For each PT device we used the mean values of the five replications for further calculations. Per device the means of all measurement points were averaged to one mean intensity level, in agreement with the definition of the effective surface area by the International Electrotechnical Commission and in agreement with the AAP recommendations .
To evaluate the effect of distance on irradiance level, we measured the distance in cm between the PT device and silhouette model at the measurement point closest to the PT device. One silhouette was used for all measurements. It is a two dimensional model with a brown color. We searched for specifications of the phototherapy devices and recommendations of the manufacturers by searching the internet using the names of the devices and the official websites of the manufacturers.
The study was approved by the Ethical Committee in Health Research of the Dr. Soetomo General Hospital Surabaya (number 390/Panke.KKE/V/2017). The need to ask Ethical approval and the need to ask consent from parents was waived by our Ethical Committee because no human subjects were involved in this study.
Data and statistical analysis
We used SPSS for Windows, Version 21 (IBM., Corp,. Armonk, N.Y., USA) for data analysis. First, we calculated the medians and ranges of the irradiance levels for each device. Five measurements were done for each point of the silhouette. The mean of the five measurements was calculated. Next, the mean and range of the five means was used for the analysis of the total irradiance. Second, we plotted the mean irradiance levels of the PT devices of each hospital in a graph. Third, we analysed the relationship of the irradiance levels with the distance between the PT device and the model using linear regression analysis. We compared the measured irradiance levels and the distances with those stated in the manufacturers’ specifications by using independent sample T tests, and we constructed Bland-Altman graphs to analyse the differences between irradiance levels per device, with and without curtains, one for irradiance levels below 30 μw/cm2/nm and one for above 30 μw/cm2/nm. We arbitrarily chose this irradiance level to analyse whether the effect of curtains on irradiance levels depended on standard and intensive PT. We used the Mann-Whitney test to analyse the differences between irradiance levels measured with and without curtains. A P value below 0.05 was considered statistically significant.
We measured 77 PT devices of 20 different types in the 17 hospitals we visited. The irradiance levels of all types of devices included in this study are given in Table 1. Most types of devices used fluorescent light sources, six used light-emitting diodes (LEDs), and one used halogen. The irradiance levels of the PT devices varied widely. In three PT devices all the irradiance levels were below 10 μW/cm2/nm and in six devices the median levels were below 10 μW/cm2/nm. Eleven out of 20 PT devices had a manufacturer’s manual that contained detailed information on how to use the device and what irradiance levels the device should produce [14,15,16,17,18,19,20,21,22,23,24]. For the other nine devices we could not find detailed manufacturers’ specifications. Two out of 11 PT devices provided irradiance levels well below (12% or less) the given manufacturers’ specification. Six of the nine other devices with manufacturers’ specifications produced irradiance levels below the lower range of intensity recommended in the manufacturers’ specifications.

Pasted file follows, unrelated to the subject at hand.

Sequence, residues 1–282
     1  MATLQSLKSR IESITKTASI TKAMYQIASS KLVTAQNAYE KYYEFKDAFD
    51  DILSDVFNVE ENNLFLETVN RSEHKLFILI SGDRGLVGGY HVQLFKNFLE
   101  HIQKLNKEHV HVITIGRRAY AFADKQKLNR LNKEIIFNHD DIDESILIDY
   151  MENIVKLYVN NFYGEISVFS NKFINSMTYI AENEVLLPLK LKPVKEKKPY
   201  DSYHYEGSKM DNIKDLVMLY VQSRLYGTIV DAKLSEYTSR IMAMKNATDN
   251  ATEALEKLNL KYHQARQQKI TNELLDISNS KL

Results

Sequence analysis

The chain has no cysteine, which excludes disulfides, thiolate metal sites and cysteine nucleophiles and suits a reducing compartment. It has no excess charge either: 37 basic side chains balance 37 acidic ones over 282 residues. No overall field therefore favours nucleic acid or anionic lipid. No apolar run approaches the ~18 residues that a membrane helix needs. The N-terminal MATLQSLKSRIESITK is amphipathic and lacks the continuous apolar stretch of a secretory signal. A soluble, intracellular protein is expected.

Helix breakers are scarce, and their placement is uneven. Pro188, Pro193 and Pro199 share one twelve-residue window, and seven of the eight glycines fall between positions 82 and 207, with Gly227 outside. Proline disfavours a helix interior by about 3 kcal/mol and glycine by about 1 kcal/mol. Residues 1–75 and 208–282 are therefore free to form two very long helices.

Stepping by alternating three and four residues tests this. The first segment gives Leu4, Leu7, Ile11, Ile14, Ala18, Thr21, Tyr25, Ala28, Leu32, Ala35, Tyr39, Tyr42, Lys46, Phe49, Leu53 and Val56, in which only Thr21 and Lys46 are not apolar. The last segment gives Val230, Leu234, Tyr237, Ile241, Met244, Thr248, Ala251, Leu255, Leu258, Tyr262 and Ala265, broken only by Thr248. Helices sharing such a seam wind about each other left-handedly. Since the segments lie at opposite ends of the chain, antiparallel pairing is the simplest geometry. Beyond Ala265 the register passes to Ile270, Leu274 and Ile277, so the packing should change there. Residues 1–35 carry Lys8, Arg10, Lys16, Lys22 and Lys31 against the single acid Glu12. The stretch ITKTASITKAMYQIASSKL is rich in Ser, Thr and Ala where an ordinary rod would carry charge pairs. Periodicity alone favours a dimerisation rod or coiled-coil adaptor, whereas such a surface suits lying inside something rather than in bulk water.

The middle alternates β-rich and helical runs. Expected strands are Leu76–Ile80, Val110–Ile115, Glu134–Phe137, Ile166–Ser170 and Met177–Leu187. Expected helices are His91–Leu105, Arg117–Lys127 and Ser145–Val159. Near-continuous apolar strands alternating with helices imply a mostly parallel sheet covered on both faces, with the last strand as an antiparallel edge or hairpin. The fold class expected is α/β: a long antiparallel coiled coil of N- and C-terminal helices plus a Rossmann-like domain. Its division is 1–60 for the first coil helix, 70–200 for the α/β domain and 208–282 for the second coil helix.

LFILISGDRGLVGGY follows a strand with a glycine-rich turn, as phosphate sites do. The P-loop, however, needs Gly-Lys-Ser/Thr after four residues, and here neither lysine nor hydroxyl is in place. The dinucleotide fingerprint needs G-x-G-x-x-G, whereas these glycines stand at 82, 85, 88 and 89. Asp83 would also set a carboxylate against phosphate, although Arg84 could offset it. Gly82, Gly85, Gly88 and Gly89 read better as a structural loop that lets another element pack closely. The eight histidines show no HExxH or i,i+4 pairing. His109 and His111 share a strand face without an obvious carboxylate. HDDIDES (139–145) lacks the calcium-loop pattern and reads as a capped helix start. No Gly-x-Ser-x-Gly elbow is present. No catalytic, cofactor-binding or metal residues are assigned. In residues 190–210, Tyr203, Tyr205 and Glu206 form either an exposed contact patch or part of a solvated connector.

Regarding the hospitals, we found a wide variation in the irradiance levels, both between and within hospitals. Figure 1 shows the mean irradiance levels of all PT devices in all hospitals. The irradiance levels ranged from 0.68 to 127 μW/cm2/nm. Nine (53%) of the hospitals used PT devices with an intensity below the standard PT of 10 μ W/cm2/nm. Eight (47%) of the hospitals did not have PT devices that produced an intensity of at least 30 μ W/cm2/nm, the level required for intensive PT. Three hospitals used PT devices with irradiance levels above 50 μ W/cm2/nm. These were mostly LED-based PT devices. The irradiance level of one LED device was too low.
The distance between the model and PT devices ranged from 17 to 59 cm (mean ± SD: 37.8 ± 8.3 cm), while the manufacturers recommended distances ranging from 20 to 40 cm (mean ± SD: 31.9 ± 6.3 cm) that, with a difference of 5.9 cm, is significantly closer (P < 0.026). Table 1 also provides the distance between the PT devices and the infant as recommended by the manufacturers and the distance used in daily practice. We found one half (20 out of 40) of the distances between device and model to be greater than the distance recommended by the manufacturers. As we show in Fig. 2, there was a significant inverse relationship between the distance of the PT device to the model and the irradiance levels, (R2 = 0.1838; P < 0.05). With every 1 cm increase in distance, intensity decreased by approximately 1.1 μ W/cm2/nm. Thus, the mean difference between the measured and recommended distance of 5.9 cm accounts for a mean reduction in intensity of 5.9 times 1.0777 equals 6.4 μ W/cm2/nm.
One hospital did not use curtains, eight hospitals used white curtains, and one hospital used black curtains, the remaining seven hospitals used a variety of mostly light-coloured curtains. The difference in irradiance levels, with and without curtains, was highly variable and ranged from − 6.15 and + 15.4 μW/cm2/nm per measurement point, with a mean difference (SD) of 1.82 (3.81) μW/cm2/nm, and the overall effect was not significant (P = 0.486). In Fig. 3 we present the difference in irradiation levels per device, with and without curtains, for standard PT with irradiance levels below 30 μ W/cm2/nm, and in Fig. 4 for intensive PT with irradiance levels above 30 μ W/cm2/nm. For irradiance levels below 30 μ W/cm2/nm, the mean (SD) difference was 1.05 (2.08) μ W/cm2/nm higher with curtains (P = 0.370). Above 30 μ W/cm2/nm, the mean (SD) difference for irradiation levels was 2.58 (4.37) μ W/cm2/nm higher with curtains, but it also failed to reach statistical significance (P = 0.572). The raw data of PT irradiance from all hospital is provided in Additional file 1.